The houses on Rothschild Street, where I live, line up like a column of soldiers. Since I was born, Tel Aviv’s houses have been washed up in the city’s whiteness, or vice versa. There are things that are born all at once. A building is memory. Cities and places without old buildings have no memory. Maybe I say this because I am from an old city. Bedouins will see memory in other places. What matters is that I am the son of an ill-fated city. Jaffa is my ill-fated city. But what about cities that are born all at once? Are there such cities?
Tel Aviv is full of Bauhaus architecture. Its memory is buildings and houses washed in whiteness. Memory is a choice. Memory is gray. That’s what Ariel says when we discuss this subject. Lies, I say. There is no gray memory. There are flashes that come in one burst and are as clear as a sword’s blade. Either black or white. There is no gray in between. But white and black come in shades. Gray is what is confusing, and we confuse what we want to confuse. Didn’t I say, time and again, that there is a fissure in my memory? Your memory, which inhabits mine, has a fissure. The fissure doesn’t mean obscurity. The fissure is pain.
Why do I always imagine Baron Rothschild cutting the ribbon at the street’s official inauguration? I don’t even remember seeing such a photograph. But he was here on some spot in this street. When I walk the city’s streets, I touch its houses with my looks. I hear myself screaming out loud. As if a clear glass separates me from the people around me. Glass that shields sounds. I rarely see it, but I know that it is there when I scream and no one hears me.
When evening creeps in, the lights of houses and cafes around me appear, and I wait. That’s not a dream. That is what I actually do as I sit on the benches that are surrounded with giant trees in the median. As if the buildings around me, from which lights and shadows appear, are also waiting for someone, or something. Everything is beautiful from the vantage point of the bench. As soon as night falls, I begin to wash the houses around me with black memory. I wipe the whiteness off the facades of buildings and paint everything black. I take black from the night’s kohl and draw the city black. As if I am afraid that the white memory will possess me, so I wipe it with the blackness of a moonless night. I love the color black because it resembles us. It is us.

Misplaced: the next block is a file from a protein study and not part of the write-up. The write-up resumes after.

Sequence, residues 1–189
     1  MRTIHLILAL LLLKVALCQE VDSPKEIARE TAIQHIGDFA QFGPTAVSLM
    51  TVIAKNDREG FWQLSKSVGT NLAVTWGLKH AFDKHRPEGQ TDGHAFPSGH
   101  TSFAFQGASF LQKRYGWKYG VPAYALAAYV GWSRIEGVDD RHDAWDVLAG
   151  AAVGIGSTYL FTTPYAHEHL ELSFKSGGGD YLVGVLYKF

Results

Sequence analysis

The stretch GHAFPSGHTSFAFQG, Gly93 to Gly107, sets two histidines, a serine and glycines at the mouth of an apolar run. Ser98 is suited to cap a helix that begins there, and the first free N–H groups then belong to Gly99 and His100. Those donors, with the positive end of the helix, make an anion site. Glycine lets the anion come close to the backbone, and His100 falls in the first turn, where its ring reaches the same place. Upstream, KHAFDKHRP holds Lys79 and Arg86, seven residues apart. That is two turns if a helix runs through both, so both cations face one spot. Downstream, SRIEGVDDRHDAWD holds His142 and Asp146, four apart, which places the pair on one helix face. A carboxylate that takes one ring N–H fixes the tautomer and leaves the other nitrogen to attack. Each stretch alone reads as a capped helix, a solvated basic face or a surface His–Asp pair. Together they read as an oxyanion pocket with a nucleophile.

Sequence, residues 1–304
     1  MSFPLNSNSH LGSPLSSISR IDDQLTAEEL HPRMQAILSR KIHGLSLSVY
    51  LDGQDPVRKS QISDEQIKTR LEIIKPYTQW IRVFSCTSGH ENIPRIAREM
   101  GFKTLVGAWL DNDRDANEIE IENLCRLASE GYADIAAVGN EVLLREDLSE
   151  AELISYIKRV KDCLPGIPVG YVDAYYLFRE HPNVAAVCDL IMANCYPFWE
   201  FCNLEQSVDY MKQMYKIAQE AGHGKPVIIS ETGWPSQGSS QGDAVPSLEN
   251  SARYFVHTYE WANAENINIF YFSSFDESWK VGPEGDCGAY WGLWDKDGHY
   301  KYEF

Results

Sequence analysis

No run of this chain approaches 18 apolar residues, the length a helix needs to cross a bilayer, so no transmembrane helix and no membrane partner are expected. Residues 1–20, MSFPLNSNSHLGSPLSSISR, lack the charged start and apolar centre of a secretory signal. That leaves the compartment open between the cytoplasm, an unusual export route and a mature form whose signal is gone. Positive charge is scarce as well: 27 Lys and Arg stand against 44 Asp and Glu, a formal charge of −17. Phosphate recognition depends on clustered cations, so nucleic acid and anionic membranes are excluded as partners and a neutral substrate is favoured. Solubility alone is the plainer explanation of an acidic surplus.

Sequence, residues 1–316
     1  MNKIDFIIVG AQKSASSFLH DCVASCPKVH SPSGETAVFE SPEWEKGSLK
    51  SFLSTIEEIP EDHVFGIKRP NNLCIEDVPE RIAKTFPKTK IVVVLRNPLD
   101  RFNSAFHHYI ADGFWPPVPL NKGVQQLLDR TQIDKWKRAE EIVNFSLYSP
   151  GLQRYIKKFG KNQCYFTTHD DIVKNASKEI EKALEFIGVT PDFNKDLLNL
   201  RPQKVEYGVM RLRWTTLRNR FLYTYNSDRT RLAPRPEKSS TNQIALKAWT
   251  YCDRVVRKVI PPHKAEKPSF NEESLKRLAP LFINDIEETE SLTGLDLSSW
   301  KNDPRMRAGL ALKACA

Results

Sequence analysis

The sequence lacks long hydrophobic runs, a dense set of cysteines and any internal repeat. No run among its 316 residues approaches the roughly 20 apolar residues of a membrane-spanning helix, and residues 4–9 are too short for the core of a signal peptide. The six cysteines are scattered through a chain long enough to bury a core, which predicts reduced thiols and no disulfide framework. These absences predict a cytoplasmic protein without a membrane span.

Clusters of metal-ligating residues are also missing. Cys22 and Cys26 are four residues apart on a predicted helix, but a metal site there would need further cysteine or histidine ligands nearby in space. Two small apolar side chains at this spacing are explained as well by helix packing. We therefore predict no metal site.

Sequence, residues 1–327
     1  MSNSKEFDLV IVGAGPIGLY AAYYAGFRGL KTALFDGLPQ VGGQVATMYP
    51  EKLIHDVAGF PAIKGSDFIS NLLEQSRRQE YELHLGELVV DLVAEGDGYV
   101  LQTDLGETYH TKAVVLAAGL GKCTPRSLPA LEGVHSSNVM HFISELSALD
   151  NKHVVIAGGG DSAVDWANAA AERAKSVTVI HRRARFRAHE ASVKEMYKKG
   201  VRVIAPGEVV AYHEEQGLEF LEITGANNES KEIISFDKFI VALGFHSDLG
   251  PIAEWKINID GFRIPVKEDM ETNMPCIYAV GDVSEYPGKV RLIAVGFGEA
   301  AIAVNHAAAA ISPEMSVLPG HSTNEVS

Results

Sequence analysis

Sometimes I leap out of the bench like a clock spring and walk in stammering steps to the sea. I see nothing around me, because I’ve colored all the houses with black. Even the moon is black. I often go through Shenkin Street. I greet the people sitting at coffee shops. They smile and call out, “Alaa! Come sit with us! Let’s chat and have a glass of wine...tell us about Jaffa and your Jaffan grandmother. Come on!” I imagine them being genuinely interested and asking what never crosses their mind...How do we feel? How do we live? But questions no longer have any meaning. I leave them without responding. I no longer care to tell them anything. Everyone welcomes me. They all want to hear my stories and yours. Yes, your stories! My stories are fissures of your stories. The ones you told me, and the ones you never did. What a big lie. I pay them no attention and go on. I leave Shenkin Street and pass through the small streets of al-Karmil Market until I reach the sea. This is not a dream. I do this time and again. I imagine and hear people saying what they say. I imagine that I paint everything around me black and see no other color. This black is beautiful.
I reach the sea to catch a glimpse of your city as it shimmers at night. But its lights are faint. Like a corpse cast on the seashore. You will say that Jaffa hasn’t died. I didn’t say it has. “Corpse” is used to describe a pulsating body in Arabic. Don’t we say, “He has a huge corpse”? The youth in Ajami say, “Man, his corpse is like that of a mule.”
Here, on Jaffa’s shores, the sea looks exhausted. Jaffa doesn’t scream the way I do. It stammers. But those who inhabit it don’t hear what it says. There is something in this corpse, Jaffa, that no one in the White City understands. Is this what you felt when you said that the city’s mornings were tired and had left “that year”? You didn’t say it exactly like that. But you said, “Our morning was like a widowed man. His beloved died and love disappeared.”
[Excerpted from The Book of Disappearance, a novel by Ibtisam Azem. Forthcoming from Syracuse University Press in June 2019. Translated from the Arabic by Sinan Antoon.]